High heels have been around for a very long time. Though they are not the epitome of sophistication and womanly sexiness, they have been serving similar purposed for men and for women for a long time. High heeled shoes are depicted in ancient Egyptian art in murals but the first history of heels goes back even further. The Egyptian depictions took place around 4000 BC and showed images of people wearing high heels in murals on the walls of ancient tombs and temples. The shoes depicted were flexible pieces of leather held on the foot with leather lacings. The next incarnation was a sort of platform sandal in 200 BC. These platform sandals were called kothorni. They had high wood soles and were used predominantly by tragic Roman actors. The kothorni were utilized mostly to give the advantage of height.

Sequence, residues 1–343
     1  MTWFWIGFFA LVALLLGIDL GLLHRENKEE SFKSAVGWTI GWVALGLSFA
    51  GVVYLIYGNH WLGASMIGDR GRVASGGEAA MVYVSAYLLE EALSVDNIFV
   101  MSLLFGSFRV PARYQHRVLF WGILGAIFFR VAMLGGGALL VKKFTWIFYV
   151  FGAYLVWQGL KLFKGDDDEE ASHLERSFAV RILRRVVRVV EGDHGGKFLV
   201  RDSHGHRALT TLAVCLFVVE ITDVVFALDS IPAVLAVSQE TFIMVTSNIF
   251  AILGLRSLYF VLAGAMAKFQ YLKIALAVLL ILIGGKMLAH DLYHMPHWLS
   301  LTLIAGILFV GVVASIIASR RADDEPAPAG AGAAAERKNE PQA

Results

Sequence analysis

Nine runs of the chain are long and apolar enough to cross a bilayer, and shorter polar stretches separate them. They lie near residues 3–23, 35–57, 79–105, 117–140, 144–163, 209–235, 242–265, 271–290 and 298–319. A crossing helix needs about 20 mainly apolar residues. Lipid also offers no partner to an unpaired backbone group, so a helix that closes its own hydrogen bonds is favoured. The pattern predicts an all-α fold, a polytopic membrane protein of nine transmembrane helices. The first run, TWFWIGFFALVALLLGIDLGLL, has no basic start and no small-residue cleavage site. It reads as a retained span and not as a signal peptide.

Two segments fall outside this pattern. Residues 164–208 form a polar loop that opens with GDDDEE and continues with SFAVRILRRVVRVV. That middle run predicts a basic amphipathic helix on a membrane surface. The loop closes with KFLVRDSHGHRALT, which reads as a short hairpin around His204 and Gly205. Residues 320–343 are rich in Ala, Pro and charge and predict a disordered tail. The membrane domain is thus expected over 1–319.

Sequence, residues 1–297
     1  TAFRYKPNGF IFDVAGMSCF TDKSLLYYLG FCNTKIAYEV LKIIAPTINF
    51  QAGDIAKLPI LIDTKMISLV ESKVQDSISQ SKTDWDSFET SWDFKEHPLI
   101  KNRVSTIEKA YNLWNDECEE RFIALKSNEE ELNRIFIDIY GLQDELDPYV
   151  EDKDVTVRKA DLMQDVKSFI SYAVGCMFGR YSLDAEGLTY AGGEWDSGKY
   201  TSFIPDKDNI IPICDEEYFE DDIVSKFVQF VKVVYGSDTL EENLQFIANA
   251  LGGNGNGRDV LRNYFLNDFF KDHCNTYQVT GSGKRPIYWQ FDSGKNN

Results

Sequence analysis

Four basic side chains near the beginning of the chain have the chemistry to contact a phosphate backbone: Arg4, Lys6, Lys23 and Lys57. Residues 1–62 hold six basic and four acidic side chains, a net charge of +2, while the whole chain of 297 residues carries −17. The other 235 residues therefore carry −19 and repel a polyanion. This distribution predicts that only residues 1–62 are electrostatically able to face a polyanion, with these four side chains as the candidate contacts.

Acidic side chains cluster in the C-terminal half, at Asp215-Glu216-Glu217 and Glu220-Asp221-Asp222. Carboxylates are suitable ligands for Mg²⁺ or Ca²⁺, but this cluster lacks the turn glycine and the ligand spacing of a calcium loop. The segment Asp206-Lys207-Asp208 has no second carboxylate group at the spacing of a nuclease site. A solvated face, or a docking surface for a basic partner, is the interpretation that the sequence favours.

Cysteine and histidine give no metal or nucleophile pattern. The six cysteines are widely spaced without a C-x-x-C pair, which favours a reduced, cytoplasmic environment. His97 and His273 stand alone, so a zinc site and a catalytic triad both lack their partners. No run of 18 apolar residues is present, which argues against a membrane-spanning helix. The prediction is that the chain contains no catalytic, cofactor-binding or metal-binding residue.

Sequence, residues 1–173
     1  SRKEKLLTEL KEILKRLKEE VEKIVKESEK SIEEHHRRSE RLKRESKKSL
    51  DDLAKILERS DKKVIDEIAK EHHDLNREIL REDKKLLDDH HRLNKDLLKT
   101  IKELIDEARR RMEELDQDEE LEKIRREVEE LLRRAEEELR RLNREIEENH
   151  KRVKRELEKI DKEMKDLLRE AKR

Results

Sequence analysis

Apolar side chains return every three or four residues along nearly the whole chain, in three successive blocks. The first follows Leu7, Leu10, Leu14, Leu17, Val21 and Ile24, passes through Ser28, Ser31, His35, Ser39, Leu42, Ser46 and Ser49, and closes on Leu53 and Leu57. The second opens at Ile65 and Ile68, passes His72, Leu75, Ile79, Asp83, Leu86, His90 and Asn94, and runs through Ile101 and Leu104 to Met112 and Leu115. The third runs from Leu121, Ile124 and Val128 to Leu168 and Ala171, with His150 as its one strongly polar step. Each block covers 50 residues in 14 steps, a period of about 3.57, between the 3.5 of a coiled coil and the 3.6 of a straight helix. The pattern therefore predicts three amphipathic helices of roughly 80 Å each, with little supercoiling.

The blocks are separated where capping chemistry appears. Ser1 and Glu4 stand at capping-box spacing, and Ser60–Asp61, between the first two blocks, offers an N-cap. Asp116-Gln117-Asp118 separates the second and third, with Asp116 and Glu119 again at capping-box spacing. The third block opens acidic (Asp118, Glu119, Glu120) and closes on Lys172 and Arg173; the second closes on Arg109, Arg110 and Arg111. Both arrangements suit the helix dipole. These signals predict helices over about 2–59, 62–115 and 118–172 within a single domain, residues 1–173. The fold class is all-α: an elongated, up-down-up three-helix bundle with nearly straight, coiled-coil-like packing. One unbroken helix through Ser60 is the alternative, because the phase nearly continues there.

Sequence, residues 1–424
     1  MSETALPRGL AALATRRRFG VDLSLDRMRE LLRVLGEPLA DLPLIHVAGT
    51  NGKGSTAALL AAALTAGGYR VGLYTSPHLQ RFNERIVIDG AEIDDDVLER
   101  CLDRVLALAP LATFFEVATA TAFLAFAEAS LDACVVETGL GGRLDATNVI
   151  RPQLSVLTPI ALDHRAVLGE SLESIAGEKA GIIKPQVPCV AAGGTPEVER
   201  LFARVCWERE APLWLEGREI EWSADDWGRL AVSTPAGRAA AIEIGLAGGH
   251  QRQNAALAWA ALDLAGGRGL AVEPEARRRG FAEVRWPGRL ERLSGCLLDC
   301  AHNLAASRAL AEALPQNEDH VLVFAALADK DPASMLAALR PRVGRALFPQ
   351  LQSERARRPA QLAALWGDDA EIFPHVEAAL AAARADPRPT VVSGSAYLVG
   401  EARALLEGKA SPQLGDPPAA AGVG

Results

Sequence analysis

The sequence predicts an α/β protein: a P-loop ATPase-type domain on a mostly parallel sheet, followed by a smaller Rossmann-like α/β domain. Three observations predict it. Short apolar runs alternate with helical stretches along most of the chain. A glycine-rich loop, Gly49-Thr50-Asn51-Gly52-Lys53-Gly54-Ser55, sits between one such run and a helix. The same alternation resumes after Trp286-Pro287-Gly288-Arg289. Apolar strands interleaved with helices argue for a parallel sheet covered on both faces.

Shoes were not always simply for the purpose off beauty nor were they always simply functional. In 1154 King Henry II of England began to wear a shoe with narrow and pointed toes. This started a trend among the courtiers even though it was rumored that Henry wore these shoes in order to hide a deformation of his toes. In the 12th century CE, knights began to wear shoes with downward curving toes in order to keep their feet in the stirrups of their horses. Shoe toes were a big point of contention. It came to a point in the early thirteenth century where the length and pointed extremes of one’s shoes were directly indicative of rank and prowess within a community. Kings and princes would wear shoes with toes up to 30 inches long!
The women’s’ obsession with shoes doesn’t begin in any modern form until the mid 18th century with Madame de Pompadour and Marie Antoinette who start trends in their courts regarding footwear. Madame de Pompadour made popular shoes that were named after her "Pompadour". Unfortunately these shoes were very high and very narrow and too many ladies fainted at court because they tried to reduce the apparent size of their feet. Marie Antoinette went to her death in two inch heels less than 50 years later.